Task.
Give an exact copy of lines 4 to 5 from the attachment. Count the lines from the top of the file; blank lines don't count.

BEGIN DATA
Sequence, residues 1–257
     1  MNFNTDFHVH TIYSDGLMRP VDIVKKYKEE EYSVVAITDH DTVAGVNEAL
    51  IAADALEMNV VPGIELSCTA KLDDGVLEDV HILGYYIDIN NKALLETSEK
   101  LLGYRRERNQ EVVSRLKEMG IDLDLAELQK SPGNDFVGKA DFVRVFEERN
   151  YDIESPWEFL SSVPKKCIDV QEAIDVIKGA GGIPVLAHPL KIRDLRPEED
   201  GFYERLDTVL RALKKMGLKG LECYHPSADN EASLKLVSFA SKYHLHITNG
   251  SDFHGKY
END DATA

   101  LLGYRRERNQ EVVSRLKEMG IDLDLAELQK SPGNDFVGKA DFVRVFEERN
   151  YDIESPWEFL SSVPKKCIDV QEAIDVIKGA GGIPVLAHPL KIRDLRPEED